The principal of Westminster law firm Piper, Smith & Piper told his son he could follow his dream and try for a career as an artist – on condition that he first qualify as a solicitor. When Piper père died, John Piper abandoned his articles and shaped inter- and post-war British art instead.
For arty lawyers who weren’t similarly liberated, the Law Society Art Group presents a second chance, focused on the group’s annual exhibition in the Law Society Reading Room, which opens tomorrow.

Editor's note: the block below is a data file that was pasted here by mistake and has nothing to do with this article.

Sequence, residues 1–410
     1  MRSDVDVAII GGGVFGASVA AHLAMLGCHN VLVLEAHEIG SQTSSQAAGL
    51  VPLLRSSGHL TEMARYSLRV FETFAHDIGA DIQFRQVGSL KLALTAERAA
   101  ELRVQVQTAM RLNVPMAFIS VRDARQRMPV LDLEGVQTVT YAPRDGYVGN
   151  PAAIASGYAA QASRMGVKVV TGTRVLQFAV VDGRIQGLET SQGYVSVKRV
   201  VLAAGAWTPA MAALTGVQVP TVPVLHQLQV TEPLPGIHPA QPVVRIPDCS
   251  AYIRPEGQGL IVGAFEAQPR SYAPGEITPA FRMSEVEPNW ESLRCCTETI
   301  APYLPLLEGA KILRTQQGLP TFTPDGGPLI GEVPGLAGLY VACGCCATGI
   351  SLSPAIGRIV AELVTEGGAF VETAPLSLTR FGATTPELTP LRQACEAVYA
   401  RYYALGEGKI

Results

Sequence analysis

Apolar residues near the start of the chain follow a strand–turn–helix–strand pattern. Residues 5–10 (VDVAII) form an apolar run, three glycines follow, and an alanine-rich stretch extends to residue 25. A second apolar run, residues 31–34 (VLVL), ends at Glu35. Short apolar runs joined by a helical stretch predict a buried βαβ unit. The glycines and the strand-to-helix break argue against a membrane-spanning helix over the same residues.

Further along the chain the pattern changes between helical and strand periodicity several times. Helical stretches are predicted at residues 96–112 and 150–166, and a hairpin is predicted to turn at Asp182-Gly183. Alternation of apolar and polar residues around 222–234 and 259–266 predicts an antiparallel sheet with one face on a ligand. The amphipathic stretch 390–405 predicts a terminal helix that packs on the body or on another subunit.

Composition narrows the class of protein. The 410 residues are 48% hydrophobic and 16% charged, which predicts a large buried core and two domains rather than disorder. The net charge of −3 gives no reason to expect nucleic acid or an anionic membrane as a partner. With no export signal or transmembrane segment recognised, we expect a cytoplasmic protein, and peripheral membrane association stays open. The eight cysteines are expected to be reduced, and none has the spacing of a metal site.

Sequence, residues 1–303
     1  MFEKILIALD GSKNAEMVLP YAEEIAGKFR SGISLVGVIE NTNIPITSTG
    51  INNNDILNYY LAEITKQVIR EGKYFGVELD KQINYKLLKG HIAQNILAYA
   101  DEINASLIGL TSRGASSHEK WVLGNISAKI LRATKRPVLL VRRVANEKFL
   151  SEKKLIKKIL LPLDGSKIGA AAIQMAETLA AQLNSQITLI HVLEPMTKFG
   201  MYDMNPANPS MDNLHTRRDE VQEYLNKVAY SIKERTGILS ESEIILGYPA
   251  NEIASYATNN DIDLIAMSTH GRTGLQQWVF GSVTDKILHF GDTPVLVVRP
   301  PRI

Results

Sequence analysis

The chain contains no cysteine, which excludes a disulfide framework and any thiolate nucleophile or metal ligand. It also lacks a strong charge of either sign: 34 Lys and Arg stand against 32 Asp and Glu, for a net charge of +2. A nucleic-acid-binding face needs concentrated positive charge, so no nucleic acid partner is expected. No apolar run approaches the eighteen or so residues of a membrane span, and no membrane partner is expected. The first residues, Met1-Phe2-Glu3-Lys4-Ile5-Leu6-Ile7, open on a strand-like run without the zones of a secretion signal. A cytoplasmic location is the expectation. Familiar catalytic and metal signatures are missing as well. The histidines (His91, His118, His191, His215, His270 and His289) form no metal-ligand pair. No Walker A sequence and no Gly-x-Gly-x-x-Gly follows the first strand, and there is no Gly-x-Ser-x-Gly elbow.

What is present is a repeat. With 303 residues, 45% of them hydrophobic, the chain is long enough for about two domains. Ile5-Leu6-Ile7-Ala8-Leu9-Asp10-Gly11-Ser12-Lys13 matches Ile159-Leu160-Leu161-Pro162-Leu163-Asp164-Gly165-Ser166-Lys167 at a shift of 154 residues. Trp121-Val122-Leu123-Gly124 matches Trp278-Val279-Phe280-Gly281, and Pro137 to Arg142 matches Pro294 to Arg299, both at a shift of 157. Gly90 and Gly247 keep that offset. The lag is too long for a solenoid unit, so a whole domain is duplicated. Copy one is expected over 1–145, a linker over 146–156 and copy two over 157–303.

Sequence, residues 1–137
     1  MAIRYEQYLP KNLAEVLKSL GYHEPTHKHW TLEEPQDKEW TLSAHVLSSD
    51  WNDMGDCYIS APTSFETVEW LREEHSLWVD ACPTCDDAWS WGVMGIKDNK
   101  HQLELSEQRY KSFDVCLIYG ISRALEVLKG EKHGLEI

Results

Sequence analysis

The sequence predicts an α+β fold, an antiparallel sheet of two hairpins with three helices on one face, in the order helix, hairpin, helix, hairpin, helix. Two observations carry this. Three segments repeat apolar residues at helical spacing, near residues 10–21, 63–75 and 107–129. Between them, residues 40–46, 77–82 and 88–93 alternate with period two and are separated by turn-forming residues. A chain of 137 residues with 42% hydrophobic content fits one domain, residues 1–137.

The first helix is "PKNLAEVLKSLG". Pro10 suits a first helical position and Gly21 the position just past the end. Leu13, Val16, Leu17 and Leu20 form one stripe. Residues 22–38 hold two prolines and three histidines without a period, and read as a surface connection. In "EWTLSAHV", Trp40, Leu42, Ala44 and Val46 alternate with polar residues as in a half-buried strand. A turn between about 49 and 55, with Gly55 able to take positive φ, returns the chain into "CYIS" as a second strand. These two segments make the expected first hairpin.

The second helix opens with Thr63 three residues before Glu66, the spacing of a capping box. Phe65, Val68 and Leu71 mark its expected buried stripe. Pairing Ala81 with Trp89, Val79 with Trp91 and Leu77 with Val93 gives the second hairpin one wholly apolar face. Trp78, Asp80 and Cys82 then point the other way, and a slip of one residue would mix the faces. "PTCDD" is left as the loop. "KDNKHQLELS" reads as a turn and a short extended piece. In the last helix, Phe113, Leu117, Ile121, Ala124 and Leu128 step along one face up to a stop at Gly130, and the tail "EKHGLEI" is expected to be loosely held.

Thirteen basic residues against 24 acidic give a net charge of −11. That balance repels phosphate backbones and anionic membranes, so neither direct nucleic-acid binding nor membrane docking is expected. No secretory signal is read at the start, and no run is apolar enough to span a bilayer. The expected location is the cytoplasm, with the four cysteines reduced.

Obiter has had advance sight of some entries, and senses an allegorical trend this year: in at least two works, birds circle the air by a tower.
For joy-on-the wall, though, Obiter draws readers’ attentions to Richard Davidson’s ‘Ice Creams’ (pictured).
This year’s judge, the learning, arts and heritage consultant Gillian Wolfe CBE, once told BBC4 that art ‘has the power to seduce even the coolest lads in a remand home’. Obiter wonders if fellow lawyers will be a tougher crowd.
The exhibition can be viewed from 9-19 January, at 113 Chancery Lane. Membership enquiries to Hazel Bate, firstname.lastname@example.org.